There are plenty of films that attempt to convey the process of aging—this concept of slowly losing grasp on the things you were once good at, of the person you used to be. But, few of them are expressed with such uncanny and surreal oddness as Flo Linus Baumann’s Sousaphone. It’s this strangeness that really hooked us, proving a unique entry point to somewhat well-traveled material.
In that sense, the film’s oddness makes it difficult to describe. Despite taking place in New York, it has an undeniably European feel—the film’s strangeness is balanced by a grounded juxtaposition with the mundane. Everything from the bleak color palette to Baumann’s use of composition, portends a work of realism. And, so, it’s unexpected and quite compelling as the film takes on a more metaphorical bent. The film is Charlie Kaufman-esque, a sort of surreal high concept that is presented through relatable, human foibles. We follow Josef (Donavon Dietz) as he literally looks for his voice, struggling to come to terms with the person he is now and the person he remembers being. It’s strange, yes, but also surprisingly human.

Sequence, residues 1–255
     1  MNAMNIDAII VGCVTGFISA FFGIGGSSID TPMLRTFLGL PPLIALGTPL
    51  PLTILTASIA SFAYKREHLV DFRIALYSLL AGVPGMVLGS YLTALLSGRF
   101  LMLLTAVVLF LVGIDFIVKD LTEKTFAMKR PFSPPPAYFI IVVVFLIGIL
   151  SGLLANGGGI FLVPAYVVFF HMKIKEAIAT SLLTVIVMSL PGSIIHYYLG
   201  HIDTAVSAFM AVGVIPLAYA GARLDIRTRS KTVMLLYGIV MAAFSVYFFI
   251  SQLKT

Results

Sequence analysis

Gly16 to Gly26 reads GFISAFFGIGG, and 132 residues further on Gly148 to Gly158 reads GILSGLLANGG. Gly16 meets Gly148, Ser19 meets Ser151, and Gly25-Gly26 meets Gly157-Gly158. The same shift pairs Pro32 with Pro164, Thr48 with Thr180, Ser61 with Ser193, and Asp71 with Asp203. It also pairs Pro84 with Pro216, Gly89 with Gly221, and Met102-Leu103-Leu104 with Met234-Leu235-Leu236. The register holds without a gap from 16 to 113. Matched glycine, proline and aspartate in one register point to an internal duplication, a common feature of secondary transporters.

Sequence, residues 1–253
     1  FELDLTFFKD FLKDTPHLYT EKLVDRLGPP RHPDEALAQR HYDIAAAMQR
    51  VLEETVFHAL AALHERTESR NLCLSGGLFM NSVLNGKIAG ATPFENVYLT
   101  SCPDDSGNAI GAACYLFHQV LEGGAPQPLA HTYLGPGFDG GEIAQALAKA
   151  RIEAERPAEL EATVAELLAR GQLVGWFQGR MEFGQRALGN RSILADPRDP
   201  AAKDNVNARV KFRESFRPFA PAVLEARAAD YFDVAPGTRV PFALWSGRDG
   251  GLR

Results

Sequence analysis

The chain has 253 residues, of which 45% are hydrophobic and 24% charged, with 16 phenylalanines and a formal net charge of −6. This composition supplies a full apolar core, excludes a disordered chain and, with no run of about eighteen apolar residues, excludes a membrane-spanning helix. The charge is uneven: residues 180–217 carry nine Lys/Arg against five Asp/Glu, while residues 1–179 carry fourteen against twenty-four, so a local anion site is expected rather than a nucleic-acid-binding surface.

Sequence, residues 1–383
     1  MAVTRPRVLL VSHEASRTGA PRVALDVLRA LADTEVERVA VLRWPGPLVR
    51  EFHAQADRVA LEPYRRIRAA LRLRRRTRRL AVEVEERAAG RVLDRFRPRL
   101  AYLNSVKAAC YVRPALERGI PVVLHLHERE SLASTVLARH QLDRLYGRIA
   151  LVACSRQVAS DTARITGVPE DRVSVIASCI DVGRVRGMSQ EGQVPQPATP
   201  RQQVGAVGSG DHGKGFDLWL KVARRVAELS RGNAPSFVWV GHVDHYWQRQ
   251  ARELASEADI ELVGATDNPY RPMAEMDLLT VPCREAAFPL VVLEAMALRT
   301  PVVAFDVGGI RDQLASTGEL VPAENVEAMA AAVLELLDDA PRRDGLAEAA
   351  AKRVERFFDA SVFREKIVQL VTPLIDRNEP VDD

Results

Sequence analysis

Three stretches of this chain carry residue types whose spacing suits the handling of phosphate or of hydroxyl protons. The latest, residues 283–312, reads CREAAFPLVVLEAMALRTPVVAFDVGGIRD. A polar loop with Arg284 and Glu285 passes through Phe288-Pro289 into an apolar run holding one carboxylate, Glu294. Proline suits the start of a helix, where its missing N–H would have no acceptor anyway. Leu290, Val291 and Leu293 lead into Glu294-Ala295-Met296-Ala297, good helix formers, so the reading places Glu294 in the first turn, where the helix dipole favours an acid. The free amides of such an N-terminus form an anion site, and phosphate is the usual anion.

In creating the film, Baumann cites inspiration from his father’s own retirement and the impact it had on him and his family. While that’s a specific motive, you could also look at the film as a larger metaphor for creativity—how by forcing the creative process, you are unable to perform. However you read the film, there’s no denying it’s an engaging watch, balanced by darkly comic timing and terrific performances from all its players.
Sousaphone had a solid festival run, playing Palm Springs and others. Baumann is currently working on his first feature called Searching for Q, that he’s planning to shoot in Louisiana. He is also co-producing a film entitled 50 Miles from Boomtown, which will hopefully go into production in the summer of 2020.